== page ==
Of the five areas of contamination in the Basin, the Baldwin Park Operable Unit (BPOU) is considered the most significant because of the geographic size and degree of contamination. For this reason, the United States Environmental Protection Agency prioritized this area for investigation back in the late 1980’s. By 1994, there was a general consensus on the technical approach including a financial arrangement whereby sales from the water produced by the treatment plant would be used to offset the costs of the project. However, just as designs were being prepared, the discovery of perchorate prompted a complete reevaluation of cleanup plans.
In 1999, due to the critical need for immediate action, the San Gabriel Basin Water Quality Authority (WQA), the Main San Gabriel Basin Watermaster (Watermaster) and the Upper San Gabriel Valley Municipal Water District joined resources and began implementation of the plan by constructing the first facility to treat both perchlorate and n-nitrosodimethylamine for drinking water at the La Puente Valley County Water District (LPVCWD) well site. Following the success of the LPVCWD project, WQA prescribed additional early actions that built on the LPVCWD project development model.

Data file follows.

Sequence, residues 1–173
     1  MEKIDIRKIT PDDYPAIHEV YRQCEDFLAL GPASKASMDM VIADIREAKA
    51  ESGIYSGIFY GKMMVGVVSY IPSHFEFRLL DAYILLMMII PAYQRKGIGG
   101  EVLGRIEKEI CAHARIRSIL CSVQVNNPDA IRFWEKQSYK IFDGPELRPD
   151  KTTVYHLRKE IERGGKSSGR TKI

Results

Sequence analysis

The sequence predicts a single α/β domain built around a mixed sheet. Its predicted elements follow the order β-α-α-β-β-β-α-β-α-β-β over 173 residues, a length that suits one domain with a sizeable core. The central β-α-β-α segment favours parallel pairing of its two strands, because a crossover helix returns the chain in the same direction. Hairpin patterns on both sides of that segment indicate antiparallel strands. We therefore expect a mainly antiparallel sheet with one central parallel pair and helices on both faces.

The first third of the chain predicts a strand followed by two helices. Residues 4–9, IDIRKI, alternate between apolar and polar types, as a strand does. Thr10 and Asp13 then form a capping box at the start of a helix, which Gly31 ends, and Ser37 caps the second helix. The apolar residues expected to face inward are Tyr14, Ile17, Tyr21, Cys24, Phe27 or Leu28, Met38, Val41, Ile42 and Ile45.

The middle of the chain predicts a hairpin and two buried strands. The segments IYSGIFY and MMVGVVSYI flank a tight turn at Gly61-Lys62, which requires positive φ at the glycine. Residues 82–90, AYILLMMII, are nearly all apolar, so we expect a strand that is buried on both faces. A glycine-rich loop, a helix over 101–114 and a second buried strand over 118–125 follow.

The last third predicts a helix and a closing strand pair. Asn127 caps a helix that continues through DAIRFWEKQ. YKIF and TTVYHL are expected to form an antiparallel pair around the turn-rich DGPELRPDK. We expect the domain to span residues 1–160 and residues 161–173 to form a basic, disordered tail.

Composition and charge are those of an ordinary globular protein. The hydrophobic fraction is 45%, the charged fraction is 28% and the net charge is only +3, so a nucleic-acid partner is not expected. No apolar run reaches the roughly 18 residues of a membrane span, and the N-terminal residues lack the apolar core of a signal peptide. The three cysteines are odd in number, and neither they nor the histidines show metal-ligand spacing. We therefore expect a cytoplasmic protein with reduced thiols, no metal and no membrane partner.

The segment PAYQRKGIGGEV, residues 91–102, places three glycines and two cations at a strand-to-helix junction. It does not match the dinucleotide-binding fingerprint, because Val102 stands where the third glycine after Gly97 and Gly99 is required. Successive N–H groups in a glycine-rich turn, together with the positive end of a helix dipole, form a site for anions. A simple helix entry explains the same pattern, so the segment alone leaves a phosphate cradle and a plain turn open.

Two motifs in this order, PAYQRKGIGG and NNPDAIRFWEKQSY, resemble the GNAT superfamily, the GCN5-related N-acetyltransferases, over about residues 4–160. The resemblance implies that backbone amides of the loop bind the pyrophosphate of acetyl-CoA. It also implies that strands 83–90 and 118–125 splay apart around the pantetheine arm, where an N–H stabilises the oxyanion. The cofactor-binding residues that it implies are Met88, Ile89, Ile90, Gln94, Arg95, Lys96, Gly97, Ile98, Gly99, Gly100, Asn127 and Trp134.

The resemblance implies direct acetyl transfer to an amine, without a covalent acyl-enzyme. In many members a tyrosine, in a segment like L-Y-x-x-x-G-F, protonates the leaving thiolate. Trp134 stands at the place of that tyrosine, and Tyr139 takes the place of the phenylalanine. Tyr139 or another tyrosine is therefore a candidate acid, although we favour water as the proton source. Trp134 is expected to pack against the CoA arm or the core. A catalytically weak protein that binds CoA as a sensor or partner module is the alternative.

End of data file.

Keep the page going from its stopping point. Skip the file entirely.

In 2002, eight of the 20 BPOU Potentially Responsible Parties entered into a comprehensive project agreement with WQA, Watermaster and local purveyors to fund the prescribed 22,000 gpm cleanup. The agreement formed the BPOU Project Committee which meets monthly to manage the projects.
As of 2007, the construction of the various projects is mostly complete and the Project Committee is looking at ways to optimize and reduce the 30-year operating costs with emerging technologies.